Tuesday, August 25, 2009

400 Years of Modern Astronomy

Happy 400th birthday, "modern" astronomy!

Galileo’s device was a simple telescope — two glass lenses at the ends of a leather tube that magnified objects nine times — and it would forever change our understanding of the universe. Established theories, centuries old, would fall; it would embarrass and anger the Roman Catholic Church; and it would mark the birth of modern astronomy.

But on Aug. 25, 1609, the practical Galileo focused on the telescope’s military benefits: He told the Venetian senators that it would be invaluable in war, since one could see ships sailing into Venice’s harbor a full two hours before they became visible to the naked eye. The Senate, duly impressed, doubled his salary. (The tradition perseveres: Scientists routinely tout military and other applied uses for their research in hopes of securing funding.)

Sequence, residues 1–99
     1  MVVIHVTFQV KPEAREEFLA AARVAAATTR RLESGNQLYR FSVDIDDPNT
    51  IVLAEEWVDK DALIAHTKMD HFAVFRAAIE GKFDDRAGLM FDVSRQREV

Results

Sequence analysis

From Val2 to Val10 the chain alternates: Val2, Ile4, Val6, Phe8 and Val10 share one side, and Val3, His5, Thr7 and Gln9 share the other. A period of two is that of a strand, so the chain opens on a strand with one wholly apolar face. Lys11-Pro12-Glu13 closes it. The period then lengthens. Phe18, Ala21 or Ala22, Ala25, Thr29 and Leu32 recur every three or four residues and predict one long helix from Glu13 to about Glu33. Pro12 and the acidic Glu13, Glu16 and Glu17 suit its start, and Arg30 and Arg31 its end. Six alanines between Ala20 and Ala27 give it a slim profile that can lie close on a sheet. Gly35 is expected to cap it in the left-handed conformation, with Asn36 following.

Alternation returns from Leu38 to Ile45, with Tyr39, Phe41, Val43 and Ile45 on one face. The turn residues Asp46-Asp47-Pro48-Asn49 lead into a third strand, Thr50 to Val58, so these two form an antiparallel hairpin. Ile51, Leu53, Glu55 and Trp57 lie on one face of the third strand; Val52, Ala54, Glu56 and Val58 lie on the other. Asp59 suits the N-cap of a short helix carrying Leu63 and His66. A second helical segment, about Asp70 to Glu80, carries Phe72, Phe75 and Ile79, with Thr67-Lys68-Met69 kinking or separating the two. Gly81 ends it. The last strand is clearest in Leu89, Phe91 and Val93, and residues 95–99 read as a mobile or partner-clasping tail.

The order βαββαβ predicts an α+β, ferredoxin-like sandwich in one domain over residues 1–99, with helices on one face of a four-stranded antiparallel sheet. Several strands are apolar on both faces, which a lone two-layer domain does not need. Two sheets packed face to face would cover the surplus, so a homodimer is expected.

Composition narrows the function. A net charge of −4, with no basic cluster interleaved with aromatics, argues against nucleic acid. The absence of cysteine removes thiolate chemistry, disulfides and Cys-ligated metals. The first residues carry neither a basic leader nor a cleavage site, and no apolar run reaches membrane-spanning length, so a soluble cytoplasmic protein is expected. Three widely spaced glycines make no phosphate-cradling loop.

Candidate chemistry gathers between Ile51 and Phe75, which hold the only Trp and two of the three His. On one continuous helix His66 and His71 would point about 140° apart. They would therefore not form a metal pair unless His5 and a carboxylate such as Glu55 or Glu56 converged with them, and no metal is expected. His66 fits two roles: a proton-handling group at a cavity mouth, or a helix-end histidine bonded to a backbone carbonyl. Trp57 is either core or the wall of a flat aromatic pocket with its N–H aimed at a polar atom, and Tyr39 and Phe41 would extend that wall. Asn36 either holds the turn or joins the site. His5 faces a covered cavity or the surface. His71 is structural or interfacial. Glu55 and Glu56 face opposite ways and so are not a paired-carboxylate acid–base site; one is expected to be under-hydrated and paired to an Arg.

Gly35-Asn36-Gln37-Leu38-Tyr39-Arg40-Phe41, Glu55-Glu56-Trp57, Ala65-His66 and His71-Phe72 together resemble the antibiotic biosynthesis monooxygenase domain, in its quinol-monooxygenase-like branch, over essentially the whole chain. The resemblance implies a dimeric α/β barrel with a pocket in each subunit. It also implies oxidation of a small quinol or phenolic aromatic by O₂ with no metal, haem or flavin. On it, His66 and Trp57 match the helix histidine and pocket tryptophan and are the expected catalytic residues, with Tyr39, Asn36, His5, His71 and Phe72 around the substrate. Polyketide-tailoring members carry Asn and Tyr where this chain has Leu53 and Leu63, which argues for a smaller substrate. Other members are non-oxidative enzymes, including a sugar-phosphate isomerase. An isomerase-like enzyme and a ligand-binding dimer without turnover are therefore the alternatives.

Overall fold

.. and we will try not confuse you with "astrology"! :)

Zz.

2 comments:

Christine said...

Galileo was great. His finger is on display in a Swiss museum. He discovered four of Jupiter's moons. Io and Europa are interesting moons, by the way. I want to read up on them soon.

ZapperZ said...

Eeewwww! You mean they cut off one of his fingers and put it on display?

I hope it wasn't his MIDDLE finger! :)

Zz.